My Kup Runneth Over with Kafa
Story and photos by Tom Weber
"Here in Sarajevo,
boys don't ask girls out on a date," observes Karin, our stylish
Vacations' tour director/concierge, "instead, they ask
them if they'd like to go for a coffee."
"Coffee?" we ask, dumbfounded.
"Yes," she replies matter-of-factly,
"coffee or kafa."
Cheekily, I ask Karin if she'd like to
go for a kafa with me. Without blinking an eye, she says, "Sure,
and I know just the place."
Unfortunately, I'm not alone, as the other
17 members of the intrepid "band of merry media" travel
writers and photographers invited along by Insight to sample a portion
of its Bosnia
and Dalmatian Riviera itinerary join this "date in search
of a caffeine fix," and quickly fall into step right behind Karin.
Near the so-called demarcation
line, that section of the city where the Ottoman and Austro-Hungarian
Empires of old merged, stands the Hotel Europe, Insight's five-star
digs in Sarajevo. And, inside the hotel is the elegant Bečka
Kafana where our party of 18 takes a load off to savor traditional
Bosnian, not Turkish, coffee.
Bosnia has a long tradition of coffee drinking
that borders on the ridiculous and dates all the way back to the Ottomans
who, in the 15th century, introduced the daily ritual of slowly and
deliberately sipping tiny cups of Joe.
Consuming coffee is an obsession that's
woven deep into the cultural fabric, and that's why coffee, above all
other potations, has been anointed Bosnia's national beverage. No kiddin'.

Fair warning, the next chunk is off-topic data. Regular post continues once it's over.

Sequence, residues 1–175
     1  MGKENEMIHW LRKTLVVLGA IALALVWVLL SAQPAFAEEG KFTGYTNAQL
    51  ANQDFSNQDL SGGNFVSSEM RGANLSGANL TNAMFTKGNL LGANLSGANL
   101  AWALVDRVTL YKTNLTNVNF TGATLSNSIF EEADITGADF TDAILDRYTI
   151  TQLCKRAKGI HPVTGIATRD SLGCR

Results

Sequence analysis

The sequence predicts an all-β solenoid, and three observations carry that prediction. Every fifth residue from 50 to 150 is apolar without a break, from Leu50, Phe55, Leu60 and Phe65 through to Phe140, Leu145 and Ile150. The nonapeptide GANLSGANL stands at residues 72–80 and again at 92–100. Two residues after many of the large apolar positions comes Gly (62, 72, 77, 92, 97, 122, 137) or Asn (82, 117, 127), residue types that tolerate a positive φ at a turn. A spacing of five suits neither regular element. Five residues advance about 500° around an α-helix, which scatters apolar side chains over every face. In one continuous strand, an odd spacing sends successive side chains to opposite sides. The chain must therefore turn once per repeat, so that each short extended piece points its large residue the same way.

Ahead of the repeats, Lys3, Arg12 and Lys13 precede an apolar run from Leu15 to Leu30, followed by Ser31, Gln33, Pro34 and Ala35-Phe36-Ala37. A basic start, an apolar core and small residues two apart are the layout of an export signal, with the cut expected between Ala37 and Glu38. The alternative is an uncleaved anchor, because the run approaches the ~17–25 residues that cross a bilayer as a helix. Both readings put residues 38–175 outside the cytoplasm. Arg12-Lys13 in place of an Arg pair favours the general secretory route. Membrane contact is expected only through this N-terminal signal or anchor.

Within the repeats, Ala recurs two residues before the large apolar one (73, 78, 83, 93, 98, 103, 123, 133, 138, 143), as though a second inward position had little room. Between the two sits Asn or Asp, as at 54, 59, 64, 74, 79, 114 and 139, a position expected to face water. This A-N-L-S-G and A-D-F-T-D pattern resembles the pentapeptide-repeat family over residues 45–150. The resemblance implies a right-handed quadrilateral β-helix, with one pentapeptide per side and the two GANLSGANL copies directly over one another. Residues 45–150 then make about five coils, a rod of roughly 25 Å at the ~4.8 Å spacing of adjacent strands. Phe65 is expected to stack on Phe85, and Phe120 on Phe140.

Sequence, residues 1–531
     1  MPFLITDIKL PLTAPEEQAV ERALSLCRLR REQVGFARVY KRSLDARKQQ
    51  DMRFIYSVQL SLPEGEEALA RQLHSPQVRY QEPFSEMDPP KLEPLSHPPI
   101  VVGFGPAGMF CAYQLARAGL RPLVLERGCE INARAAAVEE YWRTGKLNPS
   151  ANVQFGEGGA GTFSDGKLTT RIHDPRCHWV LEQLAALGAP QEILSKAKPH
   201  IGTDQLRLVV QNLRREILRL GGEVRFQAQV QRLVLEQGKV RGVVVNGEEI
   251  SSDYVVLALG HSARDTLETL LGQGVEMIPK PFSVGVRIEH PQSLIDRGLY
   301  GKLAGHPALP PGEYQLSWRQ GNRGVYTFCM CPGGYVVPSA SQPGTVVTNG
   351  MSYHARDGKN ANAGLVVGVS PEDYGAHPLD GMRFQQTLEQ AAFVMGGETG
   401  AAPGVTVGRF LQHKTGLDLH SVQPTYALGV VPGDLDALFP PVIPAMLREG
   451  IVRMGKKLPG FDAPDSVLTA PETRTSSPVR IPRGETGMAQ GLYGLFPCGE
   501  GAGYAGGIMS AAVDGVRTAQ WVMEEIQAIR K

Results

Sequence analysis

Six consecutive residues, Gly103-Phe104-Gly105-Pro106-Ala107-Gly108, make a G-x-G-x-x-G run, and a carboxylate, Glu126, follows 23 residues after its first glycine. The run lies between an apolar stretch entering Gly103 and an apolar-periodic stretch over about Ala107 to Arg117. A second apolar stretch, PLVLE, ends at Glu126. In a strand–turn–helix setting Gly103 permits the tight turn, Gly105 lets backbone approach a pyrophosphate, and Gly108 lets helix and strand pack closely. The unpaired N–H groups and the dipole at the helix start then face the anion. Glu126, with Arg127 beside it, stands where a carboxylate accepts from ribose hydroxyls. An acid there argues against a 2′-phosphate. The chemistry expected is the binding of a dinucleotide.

Bosanska kafa begins with the roasting
of raw coffee beans. The beans are then ground to a fine powder
even finer than Italian espresso the old-fashioned way,
in a hand grinder.
Boiling water is poured into a gently heated
copper pot called a dezva, the finely ground coffee is
added and stirred, the pot placed back on the stove to boil again just
below overflow so that there's plenty of foam, and then brought to your
Coffee is served in the dezva,
which holds three cups of java, that's presented on a round tray with
an empty, ceramic fildan (small cup) and a dish full of
sugar cubes and a rahat lokum, a Bosnian candy that we stranaca
(foreigners) might irreverently call Turkish delight.
Now, stir the coffee once allowing more
foam to rise to the top and then wait a few minutes for the sludge to
settle on the bottom of the pot.
Skim off a spoonful of foam, pour the coffee
into the fildan and then introduce the foam into the cup.
If you like sugar in your coffee like I do, don't plop the cube down
into the cup, instead, take a bite of it, place it under your tongue
and then take your first sip of Bosanska kafa.
Ah, my kup runneth over with kafa.
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See you back on the motor coach in about
15 minutes or whenever I slowly and deliberately finish my THIRD
cup of kafa when we'll head to the outskirts of Sarajevo
for a chilling walk underground through the historic Tunnel of Hope.
Storied Bridge to World War I; Dinner
in Sarajevo with Mrs. Safija; Bird's-Eye
Views from Sarajevo's Yellow Fortress; Surprising
Sarajevo Dinner in Grandma's Kitchen; Destination:
Bosnia and the Dalmatian Riviera